Markus’ dad used to kick the dog if he was pissed off about something. He would slip his shoe off to do it, punting it in the side with the heel of his foot and a shouted expletive. A familial ritual which was never spoken about, and when Biscuits got run over by a drunk driver when Markus had walked him over to the dog park and he’d gotten off the lead, no one mentioned it again.
Markus had the internet.
He sat hunched over the keyboard, talking shit into the headset as he aimed his cursor across the infinite digital battlefield with guys his age all over the world. Here, they were warriors without causes, because out there he worked shifts at a coffee shop and couldn’t afford to move out of the house. He moved down to the basement, jerked off over talking to women because regret hurt less than rejection and eked out a small, neutered life.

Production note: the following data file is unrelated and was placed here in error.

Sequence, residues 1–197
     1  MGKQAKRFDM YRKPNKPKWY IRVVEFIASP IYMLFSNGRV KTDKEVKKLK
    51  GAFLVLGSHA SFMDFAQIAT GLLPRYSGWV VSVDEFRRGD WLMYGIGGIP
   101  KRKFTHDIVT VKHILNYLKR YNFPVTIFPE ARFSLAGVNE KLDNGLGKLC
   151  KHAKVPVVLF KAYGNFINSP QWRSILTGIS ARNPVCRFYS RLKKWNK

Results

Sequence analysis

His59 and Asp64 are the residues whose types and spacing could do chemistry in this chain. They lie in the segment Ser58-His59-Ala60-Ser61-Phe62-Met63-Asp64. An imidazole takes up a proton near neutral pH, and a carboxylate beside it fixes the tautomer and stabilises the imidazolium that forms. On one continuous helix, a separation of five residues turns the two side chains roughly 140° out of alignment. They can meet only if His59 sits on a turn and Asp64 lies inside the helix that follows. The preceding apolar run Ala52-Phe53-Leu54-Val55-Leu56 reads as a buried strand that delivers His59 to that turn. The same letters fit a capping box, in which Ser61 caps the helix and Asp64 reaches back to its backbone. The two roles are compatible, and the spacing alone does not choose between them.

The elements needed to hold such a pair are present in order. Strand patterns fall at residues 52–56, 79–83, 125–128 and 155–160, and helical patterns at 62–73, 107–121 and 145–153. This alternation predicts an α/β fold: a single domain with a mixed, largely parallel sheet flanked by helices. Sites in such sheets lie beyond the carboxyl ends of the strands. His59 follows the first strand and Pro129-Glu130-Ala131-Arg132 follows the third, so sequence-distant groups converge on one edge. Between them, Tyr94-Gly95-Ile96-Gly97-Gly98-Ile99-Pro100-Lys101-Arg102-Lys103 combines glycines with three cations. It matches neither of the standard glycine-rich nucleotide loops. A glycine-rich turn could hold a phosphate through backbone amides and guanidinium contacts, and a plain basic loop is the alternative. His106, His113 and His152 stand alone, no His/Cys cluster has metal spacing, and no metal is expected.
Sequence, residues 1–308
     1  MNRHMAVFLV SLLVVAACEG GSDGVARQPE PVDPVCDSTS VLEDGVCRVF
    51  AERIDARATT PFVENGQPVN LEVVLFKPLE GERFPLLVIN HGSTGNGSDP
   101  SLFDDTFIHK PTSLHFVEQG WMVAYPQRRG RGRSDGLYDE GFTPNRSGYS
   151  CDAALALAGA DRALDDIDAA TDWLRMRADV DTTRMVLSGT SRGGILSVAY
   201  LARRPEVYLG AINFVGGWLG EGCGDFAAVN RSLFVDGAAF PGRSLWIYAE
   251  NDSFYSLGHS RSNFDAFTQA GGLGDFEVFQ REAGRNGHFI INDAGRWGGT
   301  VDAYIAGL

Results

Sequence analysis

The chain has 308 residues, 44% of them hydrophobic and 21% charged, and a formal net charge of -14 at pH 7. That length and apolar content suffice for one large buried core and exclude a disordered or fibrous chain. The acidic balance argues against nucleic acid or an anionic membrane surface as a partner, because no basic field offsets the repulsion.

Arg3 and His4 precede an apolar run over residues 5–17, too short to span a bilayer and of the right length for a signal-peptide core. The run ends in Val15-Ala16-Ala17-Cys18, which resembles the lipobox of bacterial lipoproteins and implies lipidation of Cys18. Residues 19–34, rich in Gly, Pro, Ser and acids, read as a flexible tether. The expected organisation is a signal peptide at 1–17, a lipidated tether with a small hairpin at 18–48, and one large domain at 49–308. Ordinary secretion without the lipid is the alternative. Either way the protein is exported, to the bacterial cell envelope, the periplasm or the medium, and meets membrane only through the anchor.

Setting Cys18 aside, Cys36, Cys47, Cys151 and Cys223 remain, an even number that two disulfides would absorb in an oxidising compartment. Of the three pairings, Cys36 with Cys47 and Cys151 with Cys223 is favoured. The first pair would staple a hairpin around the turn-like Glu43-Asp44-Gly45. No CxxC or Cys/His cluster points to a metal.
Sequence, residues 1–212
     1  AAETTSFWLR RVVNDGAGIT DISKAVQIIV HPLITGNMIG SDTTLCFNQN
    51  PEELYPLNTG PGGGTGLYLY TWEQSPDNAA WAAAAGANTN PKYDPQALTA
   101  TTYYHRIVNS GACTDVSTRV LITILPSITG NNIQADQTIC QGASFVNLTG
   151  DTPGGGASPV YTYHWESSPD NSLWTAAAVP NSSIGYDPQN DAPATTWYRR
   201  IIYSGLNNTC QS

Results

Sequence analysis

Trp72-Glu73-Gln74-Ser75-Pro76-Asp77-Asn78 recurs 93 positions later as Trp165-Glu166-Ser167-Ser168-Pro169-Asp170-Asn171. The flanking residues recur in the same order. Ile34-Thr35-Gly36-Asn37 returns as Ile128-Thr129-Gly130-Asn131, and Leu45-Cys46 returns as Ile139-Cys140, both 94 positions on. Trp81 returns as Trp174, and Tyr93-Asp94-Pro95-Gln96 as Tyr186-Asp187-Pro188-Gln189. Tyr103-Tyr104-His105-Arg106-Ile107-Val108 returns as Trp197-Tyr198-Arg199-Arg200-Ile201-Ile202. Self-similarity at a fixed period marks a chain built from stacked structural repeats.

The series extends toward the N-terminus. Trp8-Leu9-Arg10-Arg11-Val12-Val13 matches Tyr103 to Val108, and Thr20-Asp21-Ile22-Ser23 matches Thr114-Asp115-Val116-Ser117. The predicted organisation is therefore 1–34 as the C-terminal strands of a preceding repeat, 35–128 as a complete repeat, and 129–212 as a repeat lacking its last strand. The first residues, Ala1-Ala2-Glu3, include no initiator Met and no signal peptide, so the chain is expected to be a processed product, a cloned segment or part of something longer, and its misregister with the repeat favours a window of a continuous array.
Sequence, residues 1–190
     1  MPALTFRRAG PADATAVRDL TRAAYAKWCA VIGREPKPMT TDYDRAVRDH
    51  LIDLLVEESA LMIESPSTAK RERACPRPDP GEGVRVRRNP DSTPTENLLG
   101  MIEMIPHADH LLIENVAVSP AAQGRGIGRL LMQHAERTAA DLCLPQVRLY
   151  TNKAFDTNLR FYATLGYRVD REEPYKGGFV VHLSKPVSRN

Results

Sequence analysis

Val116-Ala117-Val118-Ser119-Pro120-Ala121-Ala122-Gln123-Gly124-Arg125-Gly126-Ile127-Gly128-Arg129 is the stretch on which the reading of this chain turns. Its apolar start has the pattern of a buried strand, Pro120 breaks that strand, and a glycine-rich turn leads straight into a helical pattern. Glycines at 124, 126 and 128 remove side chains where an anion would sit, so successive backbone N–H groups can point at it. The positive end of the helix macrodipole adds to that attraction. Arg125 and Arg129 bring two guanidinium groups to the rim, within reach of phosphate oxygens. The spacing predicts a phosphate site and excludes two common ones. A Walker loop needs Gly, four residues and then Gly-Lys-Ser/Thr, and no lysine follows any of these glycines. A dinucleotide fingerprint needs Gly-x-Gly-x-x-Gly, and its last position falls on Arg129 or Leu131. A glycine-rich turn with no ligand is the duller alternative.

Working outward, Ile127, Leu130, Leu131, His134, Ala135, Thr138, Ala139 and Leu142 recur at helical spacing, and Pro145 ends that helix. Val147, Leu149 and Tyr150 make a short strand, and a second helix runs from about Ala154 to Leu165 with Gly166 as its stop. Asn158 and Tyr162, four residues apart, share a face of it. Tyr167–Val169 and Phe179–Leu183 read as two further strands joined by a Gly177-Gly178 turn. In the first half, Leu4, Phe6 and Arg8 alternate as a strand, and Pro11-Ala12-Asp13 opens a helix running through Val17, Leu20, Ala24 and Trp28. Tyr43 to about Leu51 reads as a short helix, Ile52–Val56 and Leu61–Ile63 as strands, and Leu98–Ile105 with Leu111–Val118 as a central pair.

The anger never went away though. No matter how good he got at the game, it wasn’t enough.
He started streaming his games, enjoying the reaction his comments got, and when he started reading some of the links people sent him. When he wandered into work the next day, his eyes were dark with fatigue but how could you explain to your boss, with his weak chin and hipster sleeve tattoos, that one hundred thousand people were listening to you talk?
Markus enjoyed the power, how all these people asked him questions, sent him links and recorded response videos in response to things he’d said.
The feminism question came up.
He avoided it because Markus had been around the internet enough to know it was something you embraced or avoided. Milo Yiannopoulos had said it was cancer, and Markus had agreed, if you got it, it was probably a fight to the death.
It had started as a joke, and the reaction had been immediate.
He appreciated the response videos at first. The back and forth bumped up his ratings, and when he started getting cheques from advertising on his channel, he had to sit down, his head swimming with shock at getting money for just saying what was on his mind.
He decided to get the cancer, and go down fighting.
He recorded videos about feminism.
The Wage Gap.
The Pink Tax.